The stack of impregnated fibers reinforcement and the outer sheets may be passed to the tool between a pair of metal strips arranged in abutting relationship on each side edge of the stack. The outer sheets may be of metal.
The outer sheets may be removed from the laminate after passing through the tool.
The outer sheets may comprise endless stainless steel bands arranged to run through the tool in register with the polymer impregnated fiber reinforcement.
The surfaces of the outer sheets which contact the impregnated fibers reinforcement may be coated with a release agent before they are brought into contact with the impregnated fibers reinforcement.
Alternatively the outer sheets may be bonded to and form part of the laminate as the laminate is formed in the tool, in which case the surfaces of the outer sheets which contact the impregnated fibers reinforcement may be coated with a solution of the polymer impregnant for the fibers reinforcement before they are brought into contact with the impregnated fibers reinforcement.
In a second aspect the invention provides an apparatus for making continuous lengths of laminates from fibers in a matrix of a high temperature thermoplastics material selected from the group comprising polysulphone, polyethersulphone, polyetheretherketone, polyetherimide and polyimide, the apparatus including means for arranging one or more layers of fibers reinforcement impregnated with a thermoplastics material in alignment with and between outer sheets of another material to form a stack, means for passing the stack stepwise through a tool having a first platen which is stationary and a second platen movable relative to the first platen which tool is operable to compress the stack and form a laminate, wherein said second platen of the tool is formed with a recess the width of which is substantially the same as the width of the stack as the stack passes through the tool and which is shaped to receive a land formed on the said first platen, wherein the leading edges of the recess at the entry to the tool to which the stack is passed are tapered such that the said outer sheets are wrapped around the edges of said layers as the stack passes into the tool, wherein the opposed faces of said land of the first platen and the recess of the second platen are profiled such that the spacing therebetween decreases at a first rate along at a first part of the length of the recess, at a second rate less than said first rate along at a second part of the length of the recess, and is substantially constant along the third part of the the length of the recess, and wherein both platens include means enabling them to be are heated and/or cooled so that the temperature of the thermoplastics material impregnating the fibers reinforcement of the stack in passing through the tool may be raised to at least the melt temperature thereof as the stack passes along the first part of the the length of the recess, be maintained at temperature as the stack passes along the second part of the the length of the recess, and is allowed to fall below the glass transistion temperature of said thermoplastics material as the stack passes along the third part of the the length of the recess.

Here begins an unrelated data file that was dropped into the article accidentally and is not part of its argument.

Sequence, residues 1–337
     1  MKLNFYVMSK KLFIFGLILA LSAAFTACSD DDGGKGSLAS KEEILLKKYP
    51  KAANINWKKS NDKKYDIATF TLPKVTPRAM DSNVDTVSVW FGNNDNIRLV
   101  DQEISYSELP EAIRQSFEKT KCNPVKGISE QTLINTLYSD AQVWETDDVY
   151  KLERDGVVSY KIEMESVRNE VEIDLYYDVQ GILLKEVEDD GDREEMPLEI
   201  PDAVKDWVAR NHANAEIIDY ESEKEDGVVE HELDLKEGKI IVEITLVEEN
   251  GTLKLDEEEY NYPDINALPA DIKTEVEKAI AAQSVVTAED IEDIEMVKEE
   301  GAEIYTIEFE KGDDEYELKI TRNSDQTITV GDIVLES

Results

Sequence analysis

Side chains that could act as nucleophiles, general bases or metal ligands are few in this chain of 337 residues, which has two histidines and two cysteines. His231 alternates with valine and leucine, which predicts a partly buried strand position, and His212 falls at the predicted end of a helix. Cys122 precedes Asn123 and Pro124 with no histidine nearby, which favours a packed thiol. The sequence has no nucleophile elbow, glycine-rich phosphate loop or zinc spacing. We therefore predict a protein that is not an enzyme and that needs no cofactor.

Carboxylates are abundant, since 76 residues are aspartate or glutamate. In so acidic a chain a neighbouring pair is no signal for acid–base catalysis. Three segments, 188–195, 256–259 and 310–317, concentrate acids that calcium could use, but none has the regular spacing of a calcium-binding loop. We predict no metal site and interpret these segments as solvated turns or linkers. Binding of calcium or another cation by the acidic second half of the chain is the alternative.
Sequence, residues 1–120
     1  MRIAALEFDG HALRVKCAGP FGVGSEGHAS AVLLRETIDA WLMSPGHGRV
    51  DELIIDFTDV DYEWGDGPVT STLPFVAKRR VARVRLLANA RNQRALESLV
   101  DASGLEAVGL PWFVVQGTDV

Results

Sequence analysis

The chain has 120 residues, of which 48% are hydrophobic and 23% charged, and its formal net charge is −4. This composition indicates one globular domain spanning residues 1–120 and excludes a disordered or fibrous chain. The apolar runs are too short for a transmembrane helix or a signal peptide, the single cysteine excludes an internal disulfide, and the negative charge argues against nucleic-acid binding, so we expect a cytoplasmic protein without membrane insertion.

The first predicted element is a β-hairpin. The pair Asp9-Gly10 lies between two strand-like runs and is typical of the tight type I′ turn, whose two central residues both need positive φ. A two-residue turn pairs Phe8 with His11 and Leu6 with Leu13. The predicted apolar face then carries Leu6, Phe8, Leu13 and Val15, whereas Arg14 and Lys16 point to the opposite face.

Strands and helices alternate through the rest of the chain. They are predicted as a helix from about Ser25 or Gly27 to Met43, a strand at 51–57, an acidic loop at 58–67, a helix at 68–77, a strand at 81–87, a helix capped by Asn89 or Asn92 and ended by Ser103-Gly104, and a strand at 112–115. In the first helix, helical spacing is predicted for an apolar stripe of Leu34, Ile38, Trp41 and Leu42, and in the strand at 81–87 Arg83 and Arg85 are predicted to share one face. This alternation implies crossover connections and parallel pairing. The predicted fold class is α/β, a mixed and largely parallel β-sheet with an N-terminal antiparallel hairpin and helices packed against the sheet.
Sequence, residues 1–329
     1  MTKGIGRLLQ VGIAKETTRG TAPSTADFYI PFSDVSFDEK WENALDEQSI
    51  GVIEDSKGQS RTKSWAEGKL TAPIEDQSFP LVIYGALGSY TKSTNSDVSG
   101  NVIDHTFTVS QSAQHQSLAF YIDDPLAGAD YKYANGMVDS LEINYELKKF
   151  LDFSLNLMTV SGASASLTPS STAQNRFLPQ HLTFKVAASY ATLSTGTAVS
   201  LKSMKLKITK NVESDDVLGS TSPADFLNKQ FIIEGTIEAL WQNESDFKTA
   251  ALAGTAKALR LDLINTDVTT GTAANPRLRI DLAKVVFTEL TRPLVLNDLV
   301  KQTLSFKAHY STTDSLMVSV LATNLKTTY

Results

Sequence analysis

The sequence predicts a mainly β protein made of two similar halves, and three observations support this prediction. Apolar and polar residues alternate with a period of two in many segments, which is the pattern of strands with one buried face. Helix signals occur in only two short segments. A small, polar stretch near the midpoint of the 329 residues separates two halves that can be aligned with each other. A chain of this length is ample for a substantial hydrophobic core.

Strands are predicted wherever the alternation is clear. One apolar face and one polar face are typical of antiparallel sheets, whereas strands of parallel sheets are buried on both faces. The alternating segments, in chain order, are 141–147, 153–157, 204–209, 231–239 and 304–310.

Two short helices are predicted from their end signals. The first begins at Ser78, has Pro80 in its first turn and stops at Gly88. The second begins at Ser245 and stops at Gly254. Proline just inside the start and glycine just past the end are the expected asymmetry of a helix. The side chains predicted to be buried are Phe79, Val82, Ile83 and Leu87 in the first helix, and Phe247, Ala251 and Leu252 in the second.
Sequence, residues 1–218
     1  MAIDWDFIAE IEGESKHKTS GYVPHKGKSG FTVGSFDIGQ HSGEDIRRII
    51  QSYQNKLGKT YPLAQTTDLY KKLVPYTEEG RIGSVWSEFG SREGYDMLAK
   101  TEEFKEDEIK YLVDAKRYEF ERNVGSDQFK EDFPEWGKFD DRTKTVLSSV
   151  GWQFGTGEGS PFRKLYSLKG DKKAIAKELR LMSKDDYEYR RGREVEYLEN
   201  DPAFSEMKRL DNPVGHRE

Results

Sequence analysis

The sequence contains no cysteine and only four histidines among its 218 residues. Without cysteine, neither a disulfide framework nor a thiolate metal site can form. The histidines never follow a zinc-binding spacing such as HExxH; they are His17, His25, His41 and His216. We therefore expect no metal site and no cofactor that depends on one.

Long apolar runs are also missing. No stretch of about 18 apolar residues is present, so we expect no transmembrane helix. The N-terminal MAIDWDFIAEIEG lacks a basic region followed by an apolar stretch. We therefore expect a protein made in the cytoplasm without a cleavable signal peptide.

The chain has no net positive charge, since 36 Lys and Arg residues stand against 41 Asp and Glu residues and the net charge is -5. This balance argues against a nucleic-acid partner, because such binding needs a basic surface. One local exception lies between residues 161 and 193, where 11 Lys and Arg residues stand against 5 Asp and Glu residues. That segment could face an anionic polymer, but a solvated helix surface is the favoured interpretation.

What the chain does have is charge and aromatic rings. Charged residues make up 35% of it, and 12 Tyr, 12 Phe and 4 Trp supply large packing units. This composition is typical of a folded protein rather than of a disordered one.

Embodiments of the invention will now be described with reference to the accompanying drawings.
FIG. 1A, shows diagrammatically an arrangement for use in the method of the invention, and FIGS. 1B and 1C are views drawn on the, lines B--B and C--C of FIG. 1A,